His Honor charged in part as follows: “If the jury find that the train, at the time it reached the crossing in question, was running at a greater speed than that prescribed by the town ordinance, that the injury would not have occurred, that is, find that but for such rate of speed the injury would *81not have happened, then the jury are instructed that this was negligence, and they will answer tbe first issue ‘Yes.’ ” This charge is correct in so far as it correctly assumes the two requisites for an affirmative finding of the first issue, namely, that the defendant must be guilty of negligence, and that such negligence must have contributed to the injury. In another view it is not correct, because it restricts the consideration of the excessive speed to the actual point of the injury. The negligence consists in running at an unlawful rate of speed within the corporate limits. If a train were running within such limits at an unlawful rate of speed, and in consequence o&such excessive speed could not be stopped in time to prevent injury at the crossing after coming within sight thereof, the company could not free itself from liability simply by showing that the train was running less than ten miles an hour when it reached the crossing. The object in limiting the speed where accidents are liable to occur, is to keep the train within the control of the engineer, so as to enable him to stop in time to prevent such accidents after he discovers the danger.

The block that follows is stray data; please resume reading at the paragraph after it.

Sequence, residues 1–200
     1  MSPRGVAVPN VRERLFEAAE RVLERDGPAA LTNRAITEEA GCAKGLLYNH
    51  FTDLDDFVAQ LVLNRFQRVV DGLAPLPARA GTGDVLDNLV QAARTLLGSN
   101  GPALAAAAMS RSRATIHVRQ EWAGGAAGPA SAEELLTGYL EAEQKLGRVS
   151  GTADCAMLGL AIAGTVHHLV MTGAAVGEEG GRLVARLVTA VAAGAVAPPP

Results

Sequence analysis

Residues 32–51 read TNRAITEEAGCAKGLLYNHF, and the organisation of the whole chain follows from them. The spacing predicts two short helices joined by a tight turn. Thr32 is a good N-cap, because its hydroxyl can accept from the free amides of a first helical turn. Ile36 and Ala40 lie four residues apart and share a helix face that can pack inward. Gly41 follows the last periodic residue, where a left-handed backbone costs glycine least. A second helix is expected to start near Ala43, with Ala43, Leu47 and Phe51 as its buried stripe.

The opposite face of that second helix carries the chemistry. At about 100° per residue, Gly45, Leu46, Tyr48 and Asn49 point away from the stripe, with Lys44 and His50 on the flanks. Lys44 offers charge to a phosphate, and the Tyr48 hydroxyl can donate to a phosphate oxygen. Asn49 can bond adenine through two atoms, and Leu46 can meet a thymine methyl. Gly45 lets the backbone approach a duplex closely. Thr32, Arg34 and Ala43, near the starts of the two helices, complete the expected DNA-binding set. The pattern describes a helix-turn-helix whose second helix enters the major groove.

His Honor had previously charged as follows: “If the jury find that the defendant’s train approached the crossing in question without sounding the whistle and without ringing the bell, and struck and killed the plaintiff’s intestate, then the jury are instructed that the defendant was guilty of negligence, and you will .answer the first issue ‘Yes.’ ” This instruction was erroneous because, the killing being admitted, it made the answer to the first issue depend entirely upon the failure to sound the whistle or ring the bell. If the issue had been simply as to the negligence of the defendant, this instruction would have been correct, but such was not the issue. It was as follows: “Was the plaintiff’s intestate killed by the negligence of defendant?” This issue involved two *82propositions, first, the existence of such negligence; and, secondly, its relation to the injury. The negligence of the defendant, no matter how great, would not of itself have rendered it liable in damages unless it had contributed to the death of the plaintiff’s intestate; while, on the other hand, the more hilling would not have been actionable unless caused by some unlawful act, or the negligent or wilful omission of some legal duty on the part of the defendant. This instruction, being favorable to the appellant, is not excepted to; but we deem it proper to discuss it in view of our comments on the general effects of the entire charge.